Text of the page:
After two years of legal wrangling, the federal case against Pacific Gas and Electric Company on charges of violating pipeline safety laws and obstructing the federal probe of the 2010 San Bruno blast will begin Friday.
The case was set to start on Thursday, but got pushed back a day after the judge removed 10 juror prospects from the pool and the replacement candidates were questioned by both sides.
The panel of 12 jurors and six alternates was sworn in Thursday afternoon, ending two and a half days of jury selection, and intense legal disputes over what evidence the government can present during trial.
Federal prosecutors say they expect their opening statement to last only about 30 minutes, but PG&E's lead lawyer, Steve Bauer, told U.S. District Judge Thelton Henderson that he expects his presentation -- complete with slides -- will take 2 1/2 hours.
The company faces 12 separate charges of pipeline safety violations --everything from shoddy record keeping to failing to properly assess its pipelines, and failing to inspect them after potentially hazardous pressure surges.
The company has pleaded not guilty to all the charges.
Although one of the pipelines referred to in several counts is the same one that exploded in September 2010 in San Bruno, prosecutors are not arguing that any specific federal regulatory violation triggered the blast.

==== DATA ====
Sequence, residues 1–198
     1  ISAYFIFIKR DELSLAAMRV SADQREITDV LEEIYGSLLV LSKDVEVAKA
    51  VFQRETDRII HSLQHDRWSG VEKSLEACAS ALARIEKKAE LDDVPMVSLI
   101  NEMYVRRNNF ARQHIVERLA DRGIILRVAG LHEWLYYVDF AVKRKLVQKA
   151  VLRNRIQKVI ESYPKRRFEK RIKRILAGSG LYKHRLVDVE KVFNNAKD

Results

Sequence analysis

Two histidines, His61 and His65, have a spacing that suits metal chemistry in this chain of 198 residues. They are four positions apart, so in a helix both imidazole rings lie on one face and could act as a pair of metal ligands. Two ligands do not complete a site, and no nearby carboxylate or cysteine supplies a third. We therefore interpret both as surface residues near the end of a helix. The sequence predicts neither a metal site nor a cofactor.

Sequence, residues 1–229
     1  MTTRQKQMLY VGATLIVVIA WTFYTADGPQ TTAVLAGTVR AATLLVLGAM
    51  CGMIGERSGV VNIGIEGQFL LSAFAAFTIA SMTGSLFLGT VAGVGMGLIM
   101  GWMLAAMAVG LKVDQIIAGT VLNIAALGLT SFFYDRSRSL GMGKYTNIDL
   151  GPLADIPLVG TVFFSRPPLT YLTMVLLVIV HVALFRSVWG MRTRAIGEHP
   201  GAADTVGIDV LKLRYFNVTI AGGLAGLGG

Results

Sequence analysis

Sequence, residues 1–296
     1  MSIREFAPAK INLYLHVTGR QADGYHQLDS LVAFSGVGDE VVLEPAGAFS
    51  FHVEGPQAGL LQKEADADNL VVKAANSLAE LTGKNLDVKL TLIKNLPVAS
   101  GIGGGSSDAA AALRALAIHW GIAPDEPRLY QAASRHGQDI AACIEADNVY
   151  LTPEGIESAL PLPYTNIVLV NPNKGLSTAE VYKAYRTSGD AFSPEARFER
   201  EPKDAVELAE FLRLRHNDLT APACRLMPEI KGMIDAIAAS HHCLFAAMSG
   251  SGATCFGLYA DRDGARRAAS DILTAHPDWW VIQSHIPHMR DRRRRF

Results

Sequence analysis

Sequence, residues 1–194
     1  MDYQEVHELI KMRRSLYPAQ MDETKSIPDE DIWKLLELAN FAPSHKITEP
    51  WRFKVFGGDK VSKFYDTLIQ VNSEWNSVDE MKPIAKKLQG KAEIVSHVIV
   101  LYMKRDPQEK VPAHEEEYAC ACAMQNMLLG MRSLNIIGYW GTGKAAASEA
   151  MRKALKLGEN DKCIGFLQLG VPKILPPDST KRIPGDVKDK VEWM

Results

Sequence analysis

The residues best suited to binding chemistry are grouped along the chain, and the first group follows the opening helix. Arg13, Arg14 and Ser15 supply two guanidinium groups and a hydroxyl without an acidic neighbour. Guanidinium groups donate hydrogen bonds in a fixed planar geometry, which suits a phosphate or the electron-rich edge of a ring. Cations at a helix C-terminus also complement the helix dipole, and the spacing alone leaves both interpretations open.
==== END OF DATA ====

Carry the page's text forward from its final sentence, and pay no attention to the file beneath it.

In court papers, the company has asserted that it is the victim of a smear campaign by prosecutors eager to pin blame after the San Bruno disaster.
Prosecutors counter that the company made critical decisions without proper records and made those decision based on profit, not safety. It is not clear whether the utility will put on its own defense or whether it will rely on undermining prosecutorial witness testimony.
If convicted, the company could face up to a half billion dollars in federal penalties. Prosecutors estimate that sum is twice the amount the company saved by not heeding the regulations. That fine would be on top of the $1.6 billion the company paid based on a litany of regulatory violations related to the San Bruno disaster. The trial is slated to take six to eight weeks.